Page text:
Highlights: Sustainable Foods Summit In Asia Pacific
Thursday, January 4th, 2018 | 154 Views
The Asia Pacific edition of the Sustainable Foods Summit was held in Singapore in November 2017, bringing together about 100 senior executives from the regional food industry.
Discussions at the summit centred on sustainability developments, organic market potential, health impacts, and food ingredients.
The summit opened with a keynote from Raj Seelam, chief executive officer of Sresta Natural BioProducts. According to the founder of the leading organic food company in India, organic is the most sustainable form of agriculture because of its low environmental impacts, as well as social and health benefits.
Market intelligence agency Nielsen also highlighted some of the health and wellness trends stimulating demand for organic and sustainable foods. Digital media is expected to play an important role in the future, helping consumers make healthy and sustainable choices.
The Asian organic food industry is facing a few major obstacles, and Amarjit Sahota from Ecovia Intelligence showed that Asia has become a leading producer of organic foods, yet consumption was lagging behind Europe and North America in spite of the region having some of the most affluent consumers.
Anne Gabriel from Marine Stewardship Council highlighted the potential for sustainable seafood in the Asia Pacific. She said that one billion people in the region rely on fish as their primary animal protein, whilst over 80 percent of the world’s fisheries are located in the region. The organisation aims to take 20 percent share of global marine catch by 2020, and a third by 2030.
Andy Sweetman from Futamura made the case for bioplastics and highlighted the environmental impact of plastic packaging (eight million tonnes going into the ocean each year), he called for greater adoption of plant-based packaging materials by food and beverage companies.
Tan Jian from OFDC China said that milk and dairy was one of the fastest growing sectors of the Chinese organic food market. Standards inconsistency and labelling issues were cited as the major pitfalls when entering the Chinese market.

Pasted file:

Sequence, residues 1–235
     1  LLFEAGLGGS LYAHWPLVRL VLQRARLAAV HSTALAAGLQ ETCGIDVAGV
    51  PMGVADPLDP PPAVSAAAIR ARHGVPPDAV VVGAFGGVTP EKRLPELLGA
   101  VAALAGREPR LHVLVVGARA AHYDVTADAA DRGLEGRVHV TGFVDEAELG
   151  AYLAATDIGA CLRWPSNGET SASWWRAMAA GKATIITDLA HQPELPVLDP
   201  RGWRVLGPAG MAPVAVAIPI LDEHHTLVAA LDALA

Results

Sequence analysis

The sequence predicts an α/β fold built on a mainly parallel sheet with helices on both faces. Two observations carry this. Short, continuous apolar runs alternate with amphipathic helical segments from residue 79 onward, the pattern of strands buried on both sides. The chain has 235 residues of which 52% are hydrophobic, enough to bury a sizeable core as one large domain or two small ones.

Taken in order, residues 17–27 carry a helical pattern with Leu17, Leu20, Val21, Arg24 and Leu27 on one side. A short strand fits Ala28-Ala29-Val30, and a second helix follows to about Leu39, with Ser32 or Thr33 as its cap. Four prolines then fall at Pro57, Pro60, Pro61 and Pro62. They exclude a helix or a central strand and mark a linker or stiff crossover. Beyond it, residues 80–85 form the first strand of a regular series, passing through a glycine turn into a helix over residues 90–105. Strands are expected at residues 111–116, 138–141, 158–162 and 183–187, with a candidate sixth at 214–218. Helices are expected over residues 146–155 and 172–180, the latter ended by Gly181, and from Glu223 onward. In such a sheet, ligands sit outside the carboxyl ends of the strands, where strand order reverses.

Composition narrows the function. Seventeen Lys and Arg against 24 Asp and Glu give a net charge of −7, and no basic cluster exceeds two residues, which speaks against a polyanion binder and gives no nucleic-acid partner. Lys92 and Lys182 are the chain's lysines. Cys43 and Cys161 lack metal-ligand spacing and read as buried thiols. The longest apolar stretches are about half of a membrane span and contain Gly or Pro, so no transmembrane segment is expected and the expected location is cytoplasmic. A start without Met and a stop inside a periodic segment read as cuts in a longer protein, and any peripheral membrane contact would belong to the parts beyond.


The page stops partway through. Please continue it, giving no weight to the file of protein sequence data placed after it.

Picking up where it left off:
Duncan McCance from The Frank Food Company is attempting to reconnect Singaporean consumers to agriculture with its home delivery scheme. Certified organic vegetables that Mr McCance’s company sells are picked in neighbouring Indonesia and delivered to consumer households within 12 hours. To encourage home cooking, the company provides free recipes.
The final session at the summit discussed the growing use of sustainable food ingredients. Givaudan covered the sustainability issues associated with flavourings, whilst Puifung Leung from Fairtrade Hong Kong outlined the growing prospects for fairtrade products in the Asian region. PureCircle described the growing use of stevia as a sustainable alternative to sugar in food and beverage applications.
Kalli Swaik from Ben & Jerry’s Asia gave insights into the sustainable ingredients used in the company’s ice-cream products; apart from fairtrade sugar and cocoa, the company has a sustainable dairy programme involving 300 farmers. The ice-cream brand is using life-cycle analyses to address its environmental and social impacts.
Hosted for the first time in Asia, the summit raised many questions about sustainable development. As incomes and spending power rise, how can Asian consumers be encouraged to spend more on organic and sustainable foods? What can be done to raise adoption rates of plant-based proteins and dairy alternatives? How can sustainable packaging be encouraged? How can awareness of environmental issues like deforestation, ocean pollution, and climate change be translated into ethical purchases?
Some of these questions will be addressed in the next Asia Pacific edition of the Sustainable Foods Summit, scheduled for 4-5 September, 2018.